GENEALOGY-DNA-L ArchivesArchiver > GENEALOGY-DNA > 2009-07 > 1246904922
From: Didier Vernade <>
Subject: [DNA] R-SRY2627+ dating
Date: Mon, 06 Jul 2009 20:28:42 +0200
R-SRY2627+ is the "R1b" clade presently known as R1b1b2a1b3 at FTDNA
and as R1b1b2a1a2c at ISOGG (2009). It was previously known as R1b1c6
and the project for that clade is still using this old nomenclature :
This clade is a sister clade of R-U152+ and R-L21+ mainly localized in
Spain. The map at this location :
was posted on dna-forums . The bottom left map shows the positions of
all SRY2627+ in the main academic papers . Other data confirm the high
level of SRY2627+ south and north of the Pyrenees. However SRY2627+
were found elsewhere and around 100 haplotypes from British isles are
kown in public database (if you know more , please speak up ! ). Here is
a spreadsheet with SRY2627+ haplotypes :
The following is about dating of that clade. One point to notice is that
DYS490 is splitting the group in 2 parts : DYS490=10 and DYS490=12 .
This marker is a low mutating one and the absence of any DYS490=11 (in
R-SRY2627+) confirms the split. No SNP was found associated with this
split among 23andME SNPs . The 2 DYS490 subgroups are about the same
size among presently known halotypes. I took advantage of the existence
of these 2 subgroups among SRY2627+ to calculate an interclade variance.
I first eliminated haplotypes with know recent family link (keeping only
one) and I work on 56 STR markers ; multicopy markers were eliminated.
The resulting 36 DYS490=12 and 33 DYS490=10 haplotypes are displayed on
that file :
(exist only in openoffice format)
Here is how I calculated the interclade variance :
Each haplotype of the 36 DYS490=12 went through the successive
following steps .
1 - The haplotype is substracted to each haplotype of the DYS490=10
2 - THe sum of the squares on each 33 resulting "substracted" haplotype
3- The 36 colums of 33 "sum of squares" were collected on a file :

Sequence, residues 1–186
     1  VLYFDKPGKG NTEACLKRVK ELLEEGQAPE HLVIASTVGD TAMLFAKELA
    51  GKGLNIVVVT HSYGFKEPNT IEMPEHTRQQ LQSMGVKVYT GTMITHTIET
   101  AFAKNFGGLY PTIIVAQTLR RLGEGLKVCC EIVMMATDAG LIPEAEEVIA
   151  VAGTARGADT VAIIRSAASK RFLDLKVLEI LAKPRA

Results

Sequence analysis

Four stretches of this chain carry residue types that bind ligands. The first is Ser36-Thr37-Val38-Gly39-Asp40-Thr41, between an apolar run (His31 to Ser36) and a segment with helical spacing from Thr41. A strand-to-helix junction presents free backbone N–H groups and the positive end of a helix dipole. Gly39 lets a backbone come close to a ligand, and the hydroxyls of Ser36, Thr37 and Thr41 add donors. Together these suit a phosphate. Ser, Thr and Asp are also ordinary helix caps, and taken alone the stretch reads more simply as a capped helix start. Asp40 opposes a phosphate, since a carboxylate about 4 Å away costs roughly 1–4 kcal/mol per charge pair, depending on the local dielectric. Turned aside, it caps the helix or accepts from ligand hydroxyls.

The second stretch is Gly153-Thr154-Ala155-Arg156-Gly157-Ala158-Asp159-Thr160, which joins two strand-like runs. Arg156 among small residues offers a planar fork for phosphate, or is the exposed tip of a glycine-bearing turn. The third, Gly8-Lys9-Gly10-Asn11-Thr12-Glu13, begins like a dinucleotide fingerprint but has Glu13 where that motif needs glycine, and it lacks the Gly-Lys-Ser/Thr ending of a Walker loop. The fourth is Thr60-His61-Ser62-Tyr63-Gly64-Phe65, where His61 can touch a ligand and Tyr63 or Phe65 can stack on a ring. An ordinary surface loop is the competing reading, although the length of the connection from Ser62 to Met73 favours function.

The sum of all these results is 34388
The formula 2 M G = "Total sum of squares" /N1 N2 is linking the number
of generation G since MRCA for the 2 subgroups to N1 (33) , N2 (36) and
the sum of STR mutation rate M . For an average mutation rate of 1/400
over the 56 STR markers selected M=0.14 . So , we get :
G = 34388 / 2 x 0.14 x 33 x 36 which is G = 34388 / 333 ; G = 103
For an average generation time of G = 25 years the 2 subgroups splitted
2580 years ago ; about 600 BC in round figures. This fits with the rise
of the Iberian culture and early iron age.
I want to insist on the fact that this kind of results is clearly
different from what you get if you just calculate the regular variance.
In academic paers most authors until recently were refering to AMOVA
which is Analysis of MOlecular VAriance and it's based on regular
variance calculation. The results are then and age around 6000 years BC
and I am making this point to make it clear that despite the "sum of
squares" above the generation time is NOT proportional to the square of
deviations to the modal values (while it is for AMOVA) .
A while ago I posted on this list : "R1b1c7 as a calibrating tool" and I
found results fairly close to the values above. For a reason I can't
figure out this calculation approach can probably be approximated by a
linear relationship between deviation to the modals and generations G
since the split of the 2 subgroups ; this split being probably close to
the origin of the haplogroup .
Comments are welcome.
|[DNA] R-SRY2627+ dating by Didier Vernade <>|